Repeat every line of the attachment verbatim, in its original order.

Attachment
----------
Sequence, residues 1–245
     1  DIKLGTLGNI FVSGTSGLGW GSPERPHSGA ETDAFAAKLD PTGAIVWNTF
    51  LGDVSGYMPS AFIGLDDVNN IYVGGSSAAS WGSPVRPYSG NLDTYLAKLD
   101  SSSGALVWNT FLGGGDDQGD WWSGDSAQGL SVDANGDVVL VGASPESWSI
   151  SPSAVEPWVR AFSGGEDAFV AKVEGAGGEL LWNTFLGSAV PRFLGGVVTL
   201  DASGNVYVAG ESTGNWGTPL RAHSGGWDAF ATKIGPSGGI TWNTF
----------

Sequence, residues 1–245
     1  DIKLGTLGNI FVSGTSGLGW GSPERPHSGA ETDAFAAKLD PTGAIVWNTF
    51  LGDVSGYMPS AFIGLDDVNN IYVGGSSAAS WGSPVRPYSG NLDTYLAKLD
   101  SSSGALVWNT FLGGGDDQGD WWSGDSAQGL SVDANGDVVL VGASPESWSI
   151  SPSAVEPWVR AFSGGEDAFV AKVEGAGGEL LWNTFLGSAV PRFLGGVVTL
   201  DASGNVYVAG ESTGNWGTPL RAHSGGWDAF ATKIGPSGGI TWNTF